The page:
Finishing touches were still being put to Cal State Channel Island’s new 600-bed dormitory named Santa Rosa Village when Jazzminn Morecraft moved in last fall. Early morning construction noise was worth enduring, she said, because of the social and academic benefits of living on the Ventura County campus, situated in a former state mental hospital surrounded by farmland and hillsides.
Whether joining a study group in her dorm, taking a quick walk to the library, attending a concert, “all the opportunities are here, the events are here. It’s a great experience,” said the English major who graduated from a high school in the San Ramon area east of San Francisco.
New construction in the CSU system is adding beds so more students can live on campus. Experts say this could improve their chances of finishing college in four years, along with less costly academic steps such as improved advising and providing more classes. And by offering an alternative to rapidly rising off-campus rents in some parts of the state, the new dorms are expected to enhance a residential flavor at campuses traditionally dominated by commuters.
The Great Recession had stalled many previous CSU plans but, with economic recovery, about 1,000 beds were recently added and dorms with an additional 5,000 beds are approved to be built over the next four years. That work will be at seven campuses, with expansion being considered in the future at those and others.
The CSU system now has on-campus room for only about 11 percent of its 400,000 students. The projects already in the pipeline would increase that to about 15 percent, still a modest amount although some campuses will be able to accommodate about half of their undergraduates. (In sharp contrast, the University of California system already can house nearly 40 percent of all its undergraduates and has its own ambitious dorm construction plan mainly to keep up with enrollment growth.)
“A pretty good upswing” is how Elvyra San Juan, the CSU system’s assistant vice chancellor for capital planning, design and construction, described the efforts to increase housing.
The reasons for building new dorms are both financial and academic, officials say.
Reversing a previous pattern, rents of off-campus apartments in some areas, such as San Francisco and San Jose, have become so high that more students view on-campus dorms as more affordable and secure. In the most dramatic example, more than 1,360 students remain on the waiting list for university housing at San Francisco State, the school reported.
Beyond housing market pressures, CSU system’s new initiative to improve its graduation rates is pushing some campuses to look at housing as one of many steps to get students to complete school faster. (Only about 19 percent of recent full-time freshmen across CSU have graduated in four years and 57 percent in six years, a record the system is working to dramatically increase by 2025.)
University officials point to national studies that show students who live at least one year on campus tend to do better academically and persist in their studies more than those who live off-campus, although some experts have debated that effect.
Plus, overall enrollment is expanding and more CSU students are enrolling in schools in another part of the state away from home.
Adding dorms “changes the overall flavor of the institution” and provides more chances for students to connect with each other and to their studies, said Cindy Derrico, Channel Islands’ associate vice president for student affairs, while escorting an EdSource reporter on a tour of the beautifully landscaped campus. Opened in 2002, it is the newest CSU. Its recent graduation rates for full-time freshmen were 25 percent after four years about 57 percent after six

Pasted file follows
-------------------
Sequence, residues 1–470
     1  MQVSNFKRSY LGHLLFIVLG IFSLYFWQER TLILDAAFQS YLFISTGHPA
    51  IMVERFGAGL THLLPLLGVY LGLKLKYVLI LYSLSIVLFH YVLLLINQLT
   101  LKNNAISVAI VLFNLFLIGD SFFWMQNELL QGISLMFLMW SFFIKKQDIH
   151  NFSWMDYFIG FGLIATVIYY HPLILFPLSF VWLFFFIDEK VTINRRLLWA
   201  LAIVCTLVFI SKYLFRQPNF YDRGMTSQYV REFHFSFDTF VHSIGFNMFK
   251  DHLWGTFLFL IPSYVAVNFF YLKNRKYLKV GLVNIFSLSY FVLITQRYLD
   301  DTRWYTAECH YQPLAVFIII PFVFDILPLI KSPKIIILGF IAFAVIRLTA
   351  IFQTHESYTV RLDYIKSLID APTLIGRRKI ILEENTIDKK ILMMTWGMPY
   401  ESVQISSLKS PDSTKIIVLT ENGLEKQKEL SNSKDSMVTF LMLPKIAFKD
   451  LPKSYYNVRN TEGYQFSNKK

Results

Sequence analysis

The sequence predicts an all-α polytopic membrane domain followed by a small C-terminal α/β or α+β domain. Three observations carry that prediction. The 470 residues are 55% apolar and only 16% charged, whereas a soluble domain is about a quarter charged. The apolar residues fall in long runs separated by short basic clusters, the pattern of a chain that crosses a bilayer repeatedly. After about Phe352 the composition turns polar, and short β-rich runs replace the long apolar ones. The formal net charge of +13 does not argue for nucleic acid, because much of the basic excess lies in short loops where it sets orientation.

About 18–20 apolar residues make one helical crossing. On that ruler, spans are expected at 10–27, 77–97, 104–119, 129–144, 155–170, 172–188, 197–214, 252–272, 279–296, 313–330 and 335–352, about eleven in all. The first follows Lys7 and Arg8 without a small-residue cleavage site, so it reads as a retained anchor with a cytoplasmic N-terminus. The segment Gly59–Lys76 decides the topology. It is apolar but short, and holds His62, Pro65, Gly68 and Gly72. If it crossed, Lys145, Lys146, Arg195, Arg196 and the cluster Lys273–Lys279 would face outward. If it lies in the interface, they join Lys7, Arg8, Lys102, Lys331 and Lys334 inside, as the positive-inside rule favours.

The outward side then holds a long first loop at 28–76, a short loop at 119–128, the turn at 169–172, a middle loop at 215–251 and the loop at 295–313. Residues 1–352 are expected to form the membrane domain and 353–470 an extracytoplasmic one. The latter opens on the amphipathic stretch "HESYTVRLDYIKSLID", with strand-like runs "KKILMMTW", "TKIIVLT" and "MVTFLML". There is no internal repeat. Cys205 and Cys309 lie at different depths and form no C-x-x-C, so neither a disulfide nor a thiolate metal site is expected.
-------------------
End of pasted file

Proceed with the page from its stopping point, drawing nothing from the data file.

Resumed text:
Since the Ventura County campus is surrounded mainly by farmland, few off-campus rentals are available nearby, she added, a contrast to most other CSUs.
Channel Islands’ year-old $58 million, four-story Santa Rosa Village dorm, was designed to match the California Mission architectural style (think red tile roofs) of the former hospital yet has contemporary touches such as group kitchens, computer labs, study rooms and a social hall with pool and ping-pong tables. Its opening increased the total of campus beds to about 1600, or enough for nearly a quarter of the 6,850 students; plans call for raising that to about 30 percent in the future.
The room fee there in a double is $10,276 for the year, plus about $3,830 for a minimum meal plan. Channel Islands does not require freshmen from other regions to live on campus, a contrast to eight other CSU campuses which mandate that for freshmen, and sometimes sophomores, from far away. Such a rule might “create barriers” to enrollment in case students want to save money by living with relatives or friends or can find housing cheaper than the dorms in the wider region, Derrico said.
Other recent CSU dorm projects include a new 600-bed complex that opened in January at San Diego State, where ground is to be broken later this year on another project for 850 occupants. In August, Sacramento State freshmen and sophomores will be able to move into the new 416-bed Riverview Hall, with views of the adjacent American River.
Most of that construction was financed with revenue bonds that will be paid off through student housing fees, not general taxes or tuition.
Another financing model, partnering with a private developer who pays all building costs, is being used at San Francisco State.
Facing skyrocketing rents and scarce on- and off-campus housing, some potential freshmen, transfer and graduate students have decided not to enroll there and some students are leaving after a year or so, college officials said “We are competing with a very difficult situation,” said Jason Porth, executive director of the University Corporation, which runs auxiliary services. The housing crisis is “impacting our recruitment rates and our retention rate, not to mention the impact that living on campus has on being successful as a student,” he said.